To be entirely honest, neither of us were immensely impressed when we first arrived in Hamburg. We had just left Copenhagen, a picturesque city with old buildings and quaint cobblestone streets. Hamburg is the second largest port in Europe – it’s full of brick buildings and bustling asphalt streets. Neither of us knew what to really expect from Hamburg, but we were still taken aback at the stark differences between the two cities.
We began, as we do all travel days, hopping on a train in one city and trying to maneuver through a train station in a new city. We took the most direct route from Copenhagen to Hamburg and therefore, were going have to cross the Baltic Sea. We boarded the train and after a few minutes, we looked at each other and realized that we had no idea how we were actually getting across the sea. We searched through our reservation, didn’t see anything, and the WiFi was a bit lacking so we couldn’t do any research on the train. At that point, we figured we may as well just sit back and see what happened. We heard the words “ferry” uttered quite a few times and figured we were disembarking one train, getting onto a ferry, and then boarding another train.
The train, much to our amazement/amusement, was loaded onto a ferry and taken across the sea. We were required to disembark the train during this period and went to find seats by a window up in the ferry. 45 minutes later, we were back on the train, and a short while after we pulled into Hamburg.
It was within our budget to book a private room at an AirBnB rather than a hostel, so we sprung for the AirBnB. We were the first guests of said AirBnB and were honestly a tad nervous that it either a) wasn’t going to exist or b) was going to be extremely different from the pictures. We were pleasantly surprised. The apartment building wasn’t much from the outside, but the actual apartment was beautiful. High ceilings, beautiful moldings, large rooms, &c. &c.
Once we were settled, we took a walk around the city by the harbor and St. Pauli. The harbor was windy and cold and St. Pauli was…florescent. We assumed we weren’t as awestruck with Hamburg simply because it was a travel day and we were hungry. We searched for a restaurant that was supposed to have a few vegan breakfast options, but I misread the breakfast hours and they had stopped serving breakfast an hour before we arrived (to be fair, it was around 15:00 at this point). We still enjoyed sandwiches and stumbled through the German we had quickly learned on the train.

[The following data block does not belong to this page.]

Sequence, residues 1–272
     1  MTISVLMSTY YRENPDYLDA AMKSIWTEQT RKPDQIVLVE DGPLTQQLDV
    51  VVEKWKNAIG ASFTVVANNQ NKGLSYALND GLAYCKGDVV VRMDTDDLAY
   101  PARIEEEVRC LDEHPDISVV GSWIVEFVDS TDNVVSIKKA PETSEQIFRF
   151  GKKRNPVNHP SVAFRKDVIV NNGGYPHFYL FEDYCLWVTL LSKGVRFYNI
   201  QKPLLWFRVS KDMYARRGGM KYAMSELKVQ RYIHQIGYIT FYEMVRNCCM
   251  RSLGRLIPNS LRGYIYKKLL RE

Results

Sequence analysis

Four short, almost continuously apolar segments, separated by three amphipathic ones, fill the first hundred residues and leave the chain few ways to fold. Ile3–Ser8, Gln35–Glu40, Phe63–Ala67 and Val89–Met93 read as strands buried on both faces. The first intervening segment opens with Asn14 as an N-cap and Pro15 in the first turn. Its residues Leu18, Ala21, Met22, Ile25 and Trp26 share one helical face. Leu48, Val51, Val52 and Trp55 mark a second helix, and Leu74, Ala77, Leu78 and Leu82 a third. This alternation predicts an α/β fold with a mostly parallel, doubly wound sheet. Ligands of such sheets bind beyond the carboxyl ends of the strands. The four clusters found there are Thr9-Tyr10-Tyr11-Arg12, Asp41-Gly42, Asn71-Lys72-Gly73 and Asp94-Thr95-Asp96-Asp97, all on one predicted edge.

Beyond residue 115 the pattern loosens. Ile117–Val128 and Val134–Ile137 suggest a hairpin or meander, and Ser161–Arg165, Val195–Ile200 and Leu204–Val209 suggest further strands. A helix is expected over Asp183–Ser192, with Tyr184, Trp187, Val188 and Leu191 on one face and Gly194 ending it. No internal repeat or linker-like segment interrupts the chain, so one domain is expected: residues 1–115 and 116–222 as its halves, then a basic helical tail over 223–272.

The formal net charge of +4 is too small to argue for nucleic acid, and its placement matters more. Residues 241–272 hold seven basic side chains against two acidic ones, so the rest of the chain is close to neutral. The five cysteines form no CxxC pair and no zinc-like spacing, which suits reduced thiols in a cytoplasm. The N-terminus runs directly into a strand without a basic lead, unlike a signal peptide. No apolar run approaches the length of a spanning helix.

Like we have after virtually every meal, we stopped in a cafe and had an espresso each. This is a routine that we somehow slipped into and neither of us are planning to relinquish. Once the rain let up, we did some errands (grocery and drug store – “apotheke” in Germany) we were back to the AirBnB to cook dinner where we tried vegan schnitzel and planned the rest of our time in Hamburg.
The first full day we attempted to try some museums (the dungeon, &c). The prices were high so we walked around the city instead. We dipped in and out of cafes and restaurants, eating and sipping espresso. Hamburg is sprinkled with many old, tall steeples and having them interspersed with more modern office buildings made for an interesting skyline.
That night we met up with a couple we had previously met in Iceland at Oma’s Apotheke for dinner. Afterwards, we went to a brewery and then a cocktail lounge. It was nice having “locals” show us around for the night, it felt like we were able to have a different experience in Hamburg than we could have if we had just wandered around ourselves.
We slept in late the next day and had a bit of a slow start. Once we got going, we wandered around the city more, a greater appreciation brewing. Funny what a night out with friends and alcohol can do to change your mind…
Overall, I would go back to Hamburg when it were warmer. The downside of beginning our trip in the northern parts of Europe is that we don’t always get great weather. We knew that going in and were prepared for it, however, that doesn’t mean that I yearn to see a city in sunlight. Are there more people in the streets? Is the wind less biting? I don’t want to give a final say about my opinion of Hamburg until I see it in another season. For now, though, Copenhagen still wins my heart.
As Abbey explained, Hamburg was at first a bit disappointing. It wasn’t as pretty or walkable as Copenhagen and the language barrier was more difficult. However, after having a few days to let everything sink in, I enjoyed our time there. Our first full day in Hamburg started out as a bust, as we spent most of it just roaming around in a not so inspiring area. However, I think this was largely due to our lack of planning.
I rather enjoyed our second night in the city as the couple we met up with took us to a hidden bar with no markings or signs on the outside. It was in a quiet area and the windows were covered with curtains. You had to knock in order to be let in. The secrecy made it feel more intimate and I had the two best cocktails of my life there.
Even though we didn’t really do much on our second day either, it was more enjoyable because we spent it in a more picturesque neighborhood (next to a lake). Two full days felt like it was enough to see the city in the winter, although I would like to see more of it in the warmer months.
Even though Hamburg was not as beautiful as Copenhagen it did have some clear advantages I can appreciate. Most notably it was cheaper and the public transit options were better. I would recommend to visit Hamburg (even in the winter), but do a lot of research on how you want to spend your time and the neighborhoods you want to see.